Monday , 16 September 2019

European Court rules sterilisation for gender reassignment violates privacy

echrOn Tuesday, the Strasbourg-based European Court of Human Rights (ECHR) ruled that the requirement of permanent infertility to undergo gender reassignment surgery is a violation of the right to privacy, as guaranteed by Article 8 of the European Convention on Human Rights. The case ended on the Court’s plate after Turkish authorities refused to grant authorisation for gender reassignment surgery because the applicant requesting it was not permanently unable to procreate.

 Article 40 of Turkey’s Civil Code stipulates that persons undergoing gender reassignment surgery need to be permanently infertile, which the person in question was not.

 However, according to the Court, the Turkish state breached the person’s right to respect for his private life by denying the person to undergo the operation. It added that making infertility mandatory for such treatment is a violation of the Convention.

 Sirpa Pietikäinen MEP, Vice-President of the LGBTI Intergroup, reacted: “I strongly welcome this ruling by the Court, which will have a positive impact on the lives of transsexual people in Turkey and beyond.

 “It is very encouraging the Court emphasises the increased social acceptance and legal recognition of transsexual people in the world.”

 Dennis de Jong MEP, Vice-President of the Intergroup on LGBTI Rights, continued: “By tackling sterilisation as a requirement for gender reassignment surgery this ruling presents an important move in the right direction: full abolishment of sterilisation as a requirement for legal gender recognition.”

 “21 countries in Europe, including 13 EU Member States still require sterilisation before trans people can have their true gender recognised. This ruling should encourage Member States to start working to end this forced sterilisation.”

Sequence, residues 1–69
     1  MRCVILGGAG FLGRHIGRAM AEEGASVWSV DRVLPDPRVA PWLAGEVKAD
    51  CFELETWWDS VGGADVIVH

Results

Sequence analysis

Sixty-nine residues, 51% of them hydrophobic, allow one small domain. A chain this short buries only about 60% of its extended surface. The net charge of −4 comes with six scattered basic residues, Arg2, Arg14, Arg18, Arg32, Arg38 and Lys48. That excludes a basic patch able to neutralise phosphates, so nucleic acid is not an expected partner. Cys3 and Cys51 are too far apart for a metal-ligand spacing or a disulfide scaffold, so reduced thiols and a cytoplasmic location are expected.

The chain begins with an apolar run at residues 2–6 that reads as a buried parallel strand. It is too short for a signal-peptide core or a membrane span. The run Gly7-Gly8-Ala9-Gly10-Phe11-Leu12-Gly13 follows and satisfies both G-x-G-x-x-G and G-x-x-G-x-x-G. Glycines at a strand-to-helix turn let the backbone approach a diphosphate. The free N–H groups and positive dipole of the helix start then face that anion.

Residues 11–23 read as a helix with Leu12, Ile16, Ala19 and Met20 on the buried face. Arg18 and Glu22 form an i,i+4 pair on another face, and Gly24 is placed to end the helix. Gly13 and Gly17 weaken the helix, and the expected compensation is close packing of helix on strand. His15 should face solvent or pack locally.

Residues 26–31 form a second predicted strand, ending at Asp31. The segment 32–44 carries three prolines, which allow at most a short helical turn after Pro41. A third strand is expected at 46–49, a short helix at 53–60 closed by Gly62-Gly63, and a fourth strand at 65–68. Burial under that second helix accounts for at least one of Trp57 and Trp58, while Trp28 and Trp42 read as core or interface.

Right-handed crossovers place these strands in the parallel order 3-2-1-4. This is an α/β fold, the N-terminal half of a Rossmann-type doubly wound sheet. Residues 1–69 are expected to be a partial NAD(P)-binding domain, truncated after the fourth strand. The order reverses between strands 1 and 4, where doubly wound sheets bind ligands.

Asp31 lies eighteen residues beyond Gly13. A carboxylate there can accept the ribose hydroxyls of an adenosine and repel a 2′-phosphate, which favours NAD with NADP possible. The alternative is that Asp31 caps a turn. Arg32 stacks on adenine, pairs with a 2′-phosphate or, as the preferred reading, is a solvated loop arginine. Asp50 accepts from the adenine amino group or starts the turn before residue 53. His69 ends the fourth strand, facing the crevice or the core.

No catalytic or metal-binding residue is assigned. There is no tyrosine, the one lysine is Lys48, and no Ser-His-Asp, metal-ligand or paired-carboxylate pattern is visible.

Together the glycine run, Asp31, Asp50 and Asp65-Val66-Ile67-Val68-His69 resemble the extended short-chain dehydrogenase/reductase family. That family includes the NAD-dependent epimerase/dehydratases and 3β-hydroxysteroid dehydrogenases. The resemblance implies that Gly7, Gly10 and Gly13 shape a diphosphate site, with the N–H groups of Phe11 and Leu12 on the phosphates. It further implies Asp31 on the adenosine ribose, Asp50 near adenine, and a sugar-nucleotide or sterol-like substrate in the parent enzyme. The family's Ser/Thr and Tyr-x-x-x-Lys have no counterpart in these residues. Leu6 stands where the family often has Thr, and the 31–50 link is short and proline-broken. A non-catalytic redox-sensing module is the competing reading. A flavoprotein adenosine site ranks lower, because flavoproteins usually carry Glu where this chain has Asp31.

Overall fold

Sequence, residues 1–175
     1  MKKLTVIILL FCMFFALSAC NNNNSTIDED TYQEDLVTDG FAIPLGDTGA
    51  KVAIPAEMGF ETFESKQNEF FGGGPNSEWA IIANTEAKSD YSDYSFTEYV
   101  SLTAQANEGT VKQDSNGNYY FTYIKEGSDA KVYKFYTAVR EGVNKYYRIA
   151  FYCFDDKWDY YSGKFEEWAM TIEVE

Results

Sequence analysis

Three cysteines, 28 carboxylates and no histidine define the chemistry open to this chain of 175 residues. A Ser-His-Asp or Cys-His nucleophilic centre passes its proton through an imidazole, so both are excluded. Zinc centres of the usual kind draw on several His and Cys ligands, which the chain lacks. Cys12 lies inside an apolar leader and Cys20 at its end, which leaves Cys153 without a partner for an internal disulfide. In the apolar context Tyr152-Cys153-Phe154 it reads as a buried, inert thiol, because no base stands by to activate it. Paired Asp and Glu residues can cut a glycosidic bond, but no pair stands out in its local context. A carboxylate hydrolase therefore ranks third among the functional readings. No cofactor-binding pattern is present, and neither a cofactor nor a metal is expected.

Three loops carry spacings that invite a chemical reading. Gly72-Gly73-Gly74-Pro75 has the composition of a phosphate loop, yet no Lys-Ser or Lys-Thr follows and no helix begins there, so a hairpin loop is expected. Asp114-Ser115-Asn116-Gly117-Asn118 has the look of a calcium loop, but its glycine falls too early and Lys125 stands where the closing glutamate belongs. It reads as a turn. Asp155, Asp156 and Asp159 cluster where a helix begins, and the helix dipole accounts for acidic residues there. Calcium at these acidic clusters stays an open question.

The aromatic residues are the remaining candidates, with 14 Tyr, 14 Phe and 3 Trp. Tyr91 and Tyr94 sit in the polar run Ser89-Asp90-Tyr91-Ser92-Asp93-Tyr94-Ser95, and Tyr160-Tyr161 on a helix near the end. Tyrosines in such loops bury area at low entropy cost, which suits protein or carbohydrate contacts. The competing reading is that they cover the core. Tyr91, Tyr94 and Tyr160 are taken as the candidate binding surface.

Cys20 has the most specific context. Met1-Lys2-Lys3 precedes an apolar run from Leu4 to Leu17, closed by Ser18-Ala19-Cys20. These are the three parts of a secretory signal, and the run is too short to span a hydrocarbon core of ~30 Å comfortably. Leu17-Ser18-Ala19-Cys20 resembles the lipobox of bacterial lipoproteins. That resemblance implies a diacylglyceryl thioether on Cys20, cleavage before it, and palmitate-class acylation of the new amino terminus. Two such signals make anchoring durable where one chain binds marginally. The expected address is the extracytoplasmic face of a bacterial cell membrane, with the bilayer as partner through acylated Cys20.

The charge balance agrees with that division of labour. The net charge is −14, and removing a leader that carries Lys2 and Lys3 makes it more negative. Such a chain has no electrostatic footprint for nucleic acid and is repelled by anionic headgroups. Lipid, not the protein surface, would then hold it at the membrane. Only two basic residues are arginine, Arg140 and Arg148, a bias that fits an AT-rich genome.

SNP MEP Alyn Smith, a member of the Intergroup,told KaleidoScot: “This judgment is certainly a positive step but underlines just how far some countries still have to go and why the – often low profile – work of the Court and long tireless advocacy is so important.

“The ECHR is an important set of common standards of decency, and the Court is the ultimate protector of freedoms of individuals against the power of the state.  LGBTI folk across the EU know more than most that legal rights are essential to guarantee equality, and the Court has done some good today.”

About Andrew Page

Andrew Page
Andrew is KaleidoScot's sports editor and photographer. An experienced blogger, Andrew was raised in the Hebrides and currently lives in Renfrewshire. Andrew became an active equality campaigner at the time of the Section 28 debate, and has particular interests in faith issues and promoting LGBTI equality in sport. Andrew was shortlisted for the Icon Award's 2015 Journalist of the Year.

Check Also

Femme Brutal 1-2

SQIFF 2016 – Full Festival Programme Announced!

Scottish Queer International Film Festival 2016 Full programme announced for SQIFF 29th September – 2nd ...

One comment

Leave a Reply

Your email address will not be published. Required fields are marked *

You may use these HTML tags and attributes: <a href="" title=""> <abbr title=""> <acronym title=""> <b> <blockquote cite=""> <cite> <code> <del datetime=""> <em> <i> <q cite=""> <s> <strike> <strong>